State of the First Amendment? Many Americans say it shouldn't protect divisive campus speakers, hate speech on social media
When asked if colleges should be able to ban controversial speakers with histories of provoking extreme opposition, 43.3 percent of respondents in a Newseum survey agreed.
The survey results, released Thursday, are from an annual effort by The Newseum Institute ("the State of the First Amendment") to gauge the attitudes of Americans about the constitutional right to freedom of expression.
That such a large share of the public is prepared to compromise free-speech principles to avoid controversy concerns First Amendment advocates.
“Who gets to define what’s controversial? Who gets to be the arbiter of that?” asked Clay Calvert, director of the Brechner First Amendment Project at the University of Florida.
Calvert, who finds the survey results to be “very disturbing and sad,” believes that public and private universities are supposed to foster marketplaces of ideas. Instead of dismissing speakers with unpopular viewpoints, he said colleges have a large responsibility to uphold and teach students about the First Amendment.
These survey results come after several protests on college campuses this year against provocative figures. Last month, 67 students at Vermont's Middlebury College received disciplinary action for disrupting a speech by Charles Murray. Murray, author of “The Bell Curve,” has been described by the Southern Poverty Law Center as a “white nationalist” for asserting that the genetic inferiority of racial minorities, the poor, and women causes social inequality.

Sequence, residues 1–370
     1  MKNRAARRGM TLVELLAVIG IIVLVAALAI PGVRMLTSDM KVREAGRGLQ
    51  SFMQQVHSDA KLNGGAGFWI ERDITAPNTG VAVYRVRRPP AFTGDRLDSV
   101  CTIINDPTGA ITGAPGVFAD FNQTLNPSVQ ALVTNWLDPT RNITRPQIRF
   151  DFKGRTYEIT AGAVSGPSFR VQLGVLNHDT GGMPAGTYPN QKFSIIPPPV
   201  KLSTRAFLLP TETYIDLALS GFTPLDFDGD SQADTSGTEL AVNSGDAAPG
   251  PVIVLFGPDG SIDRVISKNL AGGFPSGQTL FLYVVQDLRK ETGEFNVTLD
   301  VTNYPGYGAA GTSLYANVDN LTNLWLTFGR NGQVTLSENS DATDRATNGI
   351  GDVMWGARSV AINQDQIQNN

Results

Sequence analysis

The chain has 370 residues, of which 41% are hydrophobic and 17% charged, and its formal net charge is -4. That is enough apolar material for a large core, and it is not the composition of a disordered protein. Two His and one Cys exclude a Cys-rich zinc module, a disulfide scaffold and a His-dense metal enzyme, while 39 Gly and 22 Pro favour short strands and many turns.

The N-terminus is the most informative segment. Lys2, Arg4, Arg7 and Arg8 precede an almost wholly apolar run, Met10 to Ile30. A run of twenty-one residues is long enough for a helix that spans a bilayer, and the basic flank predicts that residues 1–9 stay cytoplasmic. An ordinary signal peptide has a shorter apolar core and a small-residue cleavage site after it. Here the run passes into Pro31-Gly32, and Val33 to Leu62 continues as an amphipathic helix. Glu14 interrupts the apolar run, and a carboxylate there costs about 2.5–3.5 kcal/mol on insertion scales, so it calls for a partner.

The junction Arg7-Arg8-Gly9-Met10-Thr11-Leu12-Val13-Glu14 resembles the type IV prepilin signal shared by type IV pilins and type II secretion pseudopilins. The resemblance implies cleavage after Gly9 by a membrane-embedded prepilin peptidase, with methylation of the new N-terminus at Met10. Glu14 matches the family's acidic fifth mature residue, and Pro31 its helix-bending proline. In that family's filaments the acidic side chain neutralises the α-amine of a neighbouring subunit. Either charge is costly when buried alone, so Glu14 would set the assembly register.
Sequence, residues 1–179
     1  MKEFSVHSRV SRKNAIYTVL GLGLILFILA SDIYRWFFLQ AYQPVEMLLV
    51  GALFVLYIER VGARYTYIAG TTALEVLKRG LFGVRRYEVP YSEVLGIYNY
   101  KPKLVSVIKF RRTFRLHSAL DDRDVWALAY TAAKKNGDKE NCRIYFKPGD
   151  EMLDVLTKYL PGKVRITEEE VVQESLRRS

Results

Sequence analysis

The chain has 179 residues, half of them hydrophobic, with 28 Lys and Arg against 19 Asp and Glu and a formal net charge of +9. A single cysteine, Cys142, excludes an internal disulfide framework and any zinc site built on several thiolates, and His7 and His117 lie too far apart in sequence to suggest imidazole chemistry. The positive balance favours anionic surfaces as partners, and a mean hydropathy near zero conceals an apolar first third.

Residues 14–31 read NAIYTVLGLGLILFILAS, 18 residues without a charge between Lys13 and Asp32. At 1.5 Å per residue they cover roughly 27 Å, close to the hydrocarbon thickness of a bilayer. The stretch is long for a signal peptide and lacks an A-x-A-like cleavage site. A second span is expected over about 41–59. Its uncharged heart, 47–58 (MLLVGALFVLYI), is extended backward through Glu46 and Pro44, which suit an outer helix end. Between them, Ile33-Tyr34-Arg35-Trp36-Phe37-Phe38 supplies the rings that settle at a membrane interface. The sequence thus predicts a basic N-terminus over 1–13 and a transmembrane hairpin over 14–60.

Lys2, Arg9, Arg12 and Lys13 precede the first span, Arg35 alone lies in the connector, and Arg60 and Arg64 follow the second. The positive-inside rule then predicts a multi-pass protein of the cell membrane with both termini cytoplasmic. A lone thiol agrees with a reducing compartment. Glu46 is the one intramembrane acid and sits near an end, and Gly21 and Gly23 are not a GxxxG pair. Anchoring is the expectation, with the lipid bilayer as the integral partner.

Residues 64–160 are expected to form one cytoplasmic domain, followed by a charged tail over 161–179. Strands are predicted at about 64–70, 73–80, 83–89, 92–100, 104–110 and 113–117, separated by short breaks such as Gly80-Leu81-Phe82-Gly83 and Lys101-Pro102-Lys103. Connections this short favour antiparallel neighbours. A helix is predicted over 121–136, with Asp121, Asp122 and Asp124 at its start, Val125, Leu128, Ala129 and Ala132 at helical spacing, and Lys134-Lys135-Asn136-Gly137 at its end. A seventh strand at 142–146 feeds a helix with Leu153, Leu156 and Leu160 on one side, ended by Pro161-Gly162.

Jonathan Peters, an attorney who teaches media law at the University of Kansas, empathizes with marginalized groups and says he is aware of the “pain that speech can cause.” However, he believes students should look at the history of free speech in America to understand how its broad protections have made it possible for disadvantaged groups to attain further rights.
“One of the important elements of the history of free speech is that going back through the civil rights movement, the women’s rights movement, any movement in which we have tried and succeeded in securing civil rights and civil liberties, free speech has played a role in that,” Peters said.
To have a productive conversation with students about protecting free speech, he encourages colleges to “open up a dialogue” about the First Amendment by inviting those with unfavorable perspectives to speak. The proper response from students, he said, is counter-speech.
Other parts of the survey found that:
- 54.9 percent disagreed that people should be allowed to express racist views on social media.
- 70.8 percent disagreed that the First Amendment should protect purposely fake news reports; the Supreme Court has said that even false speech is protected against government restriction.
- 22.5 percent agreed with the statement that the First Amendment “goes too far” in protecting speech. This is consistent with public attitudes since 2015; during 2013-14, public skepticism peaked, with more than 35 percent of respondents indicating that the First Amendment "goes too far in the rights it guarantees."
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The Newseum's annual survey finds generally strong public support for First Amendment principles, but that support wanes when the public is asked whether constitutional principles "go too far" in protecting hateful or offensive speakers.